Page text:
Cystitis is almost always treated with medication.
These medications include:
Surgery is rarely used to treat cystitis. It can occasionally be useful for treating people with interstitial cystitis.
Surgery also can be useful for correcting an underlying structural blockage or abnormality that is causing recurring cystitis.
Oral antibiotics are the most common medications used to treat cystitis. They kill the bacteria that are causing the infection.
- Symptoms usually disappear within a few days, and further tests probably will be unnecessary.
- If symptoms continue beyond that time or increase in severity, check with the doctor.
- Some experts say that any woman with persistent symptoms of cystitis should receive antibiotics, even if the urine shows low-to-normal bacteria counts.
Nice To Know:
Tips on taking antibiotics:
Many experts worry that widespread use of antibiotics causes them eventually to become ineffective. That happens when bacteria that certain antibiotics used to kill quickly become resistant to these medications.
Penicillin and sulfa drugs were once common treatments for cystitis. Today, about a third of bacterial strains causing
Because bacterial resistance is increasing for other antibiotics, as well, your health care professional may change the usual antibiotic treatment regimen.
Antibiotics often used to treat cystitis include:
- Sulfa drugs (sulfonamides)
People with serious recurring or chronic cystitis need thorough treatment because of risk for kidney infection.
- Your doctor may recommend long-term antibiotic therapy and request a urine culture.
- Sometimes stronger-than-normal antibiotics may prove useful.
- Combinations of drugs also may work.
Pain-relieving drugs help treat symptoms of burning and urgency. They may be available over-the-counter (often called OTC drugs) or by prescription only.
Painkillers do not cure the infection causing cystitis.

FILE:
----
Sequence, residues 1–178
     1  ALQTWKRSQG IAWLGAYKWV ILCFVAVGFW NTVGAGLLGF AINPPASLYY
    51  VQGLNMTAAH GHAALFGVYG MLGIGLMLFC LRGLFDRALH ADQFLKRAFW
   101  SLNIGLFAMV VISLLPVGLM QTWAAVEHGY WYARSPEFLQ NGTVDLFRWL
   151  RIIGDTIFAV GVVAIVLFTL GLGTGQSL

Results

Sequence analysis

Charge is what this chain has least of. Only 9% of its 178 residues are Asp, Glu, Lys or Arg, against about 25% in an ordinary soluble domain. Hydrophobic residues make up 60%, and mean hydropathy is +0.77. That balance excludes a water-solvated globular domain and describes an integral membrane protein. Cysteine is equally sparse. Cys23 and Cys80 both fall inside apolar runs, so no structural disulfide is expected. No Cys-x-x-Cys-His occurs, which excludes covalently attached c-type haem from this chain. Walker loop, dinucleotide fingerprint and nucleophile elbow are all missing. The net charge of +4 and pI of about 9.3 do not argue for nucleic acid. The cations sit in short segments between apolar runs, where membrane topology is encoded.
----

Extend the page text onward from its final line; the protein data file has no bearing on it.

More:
- Phenazopyridine is a prescription drug in the United States used specifically to relieve painful urination. U.S. brands include Azo-Standard, Eridium, Geridium, Pyridium, and Urogesic. In Canada, it is available without a prescription, and brands include Phenazo and Pyridium.
Phenazopyridine turns urine red to bright orange, which can stain clothing. Urine returns to normal color when the drug is stopped.
Nice To Know:
To use phenazopyridine:
- Take with food to reduce chances of stomach upset.
- Discard any leftover drug. Do not use for future attacks.
- Do not store in damp places. Heat or moisture can break down the medicine.
- Check with the doctor if symptoms worsen.
- Do not take phenazopyridine if you wear soft contact lenses. The drug can permanently discolor or stain the lenses.
- If you are diabetic, be aware that phenazopyridine may cause false urine test results, both for urine sugar and urine ketone. Check with the doctor before taking this drug.
- Aspirin (OTC). Aspirin often can relieve the pain and discomfort of cystitis.
Need To Know:
Caution: Never give aspirin to children or teenagers, unless directed by a doctor. Aspirin is associated with a condition called
Reye's syndrome, which can be fatal.
- Acetaminophen (OTC). Although acetaminophen does not relieve inflammation, it is relatively free of the side effects that sometimes occur with some other painkillers. Brands include Tylenol, Panadol, and Tempra.
- Ibuprofen (OTC). Brands include Advil and Motrin.
- Naproxen sodium (OTC). Brands include Aleve and many store-name brands.
How To Information:
Which Pain Reliever is Best for You?
With so many over-the-counter pain relievers in the stores, it is hard to know which one is best. Facts to keep in mind:
Nice To Know:
These prescription-only medicines help decrease the muscle spasms that cause urgency to urinate. Some of the most commonly used are:
- Tolterodine (brand name Detrol)
- Flavoxate (brand name Urispas)
- Oxybutynin (brand name Ditropan)
Nice To Know:
Best ways to use antispasmotics: